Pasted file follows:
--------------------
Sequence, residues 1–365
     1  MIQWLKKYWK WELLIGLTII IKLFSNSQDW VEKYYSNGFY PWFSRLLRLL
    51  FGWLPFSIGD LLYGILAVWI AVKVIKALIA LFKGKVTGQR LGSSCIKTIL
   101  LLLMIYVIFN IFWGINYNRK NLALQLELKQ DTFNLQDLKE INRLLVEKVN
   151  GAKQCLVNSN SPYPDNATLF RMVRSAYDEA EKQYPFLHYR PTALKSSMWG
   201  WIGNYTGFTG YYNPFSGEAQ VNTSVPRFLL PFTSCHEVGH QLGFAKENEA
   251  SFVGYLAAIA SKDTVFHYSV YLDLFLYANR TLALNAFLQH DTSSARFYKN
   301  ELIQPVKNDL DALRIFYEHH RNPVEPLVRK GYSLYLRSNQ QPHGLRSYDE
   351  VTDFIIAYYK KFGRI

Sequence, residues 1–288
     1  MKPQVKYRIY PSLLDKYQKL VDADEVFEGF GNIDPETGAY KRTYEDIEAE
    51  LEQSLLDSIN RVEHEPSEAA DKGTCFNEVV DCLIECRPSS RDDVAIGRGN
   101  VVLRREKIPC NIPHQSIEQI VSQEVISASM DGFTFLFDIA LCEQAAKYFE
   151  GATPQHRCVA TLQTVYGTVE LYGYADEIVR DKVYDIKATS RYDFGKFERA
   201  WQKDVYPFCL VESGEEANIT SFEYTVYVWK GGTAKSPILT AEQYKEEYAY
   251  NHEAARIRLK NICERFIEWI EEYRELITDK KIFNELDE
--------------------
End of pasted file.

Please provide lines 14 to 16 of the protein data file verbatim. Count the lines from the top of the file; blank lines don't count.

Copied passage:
   151  GATPQHRCVA TLQTVYGTVE LYGYADEIVR DKVYDIKATS RYDFGKFERA
   201  WQKDVYPFCL VESGEEANIT SFEYTVYVWK GGTAKSPILT AEQYKEEYAY
   251  NHEAARIRLK NICERFIEWI EEYRELITDK KIFNELDE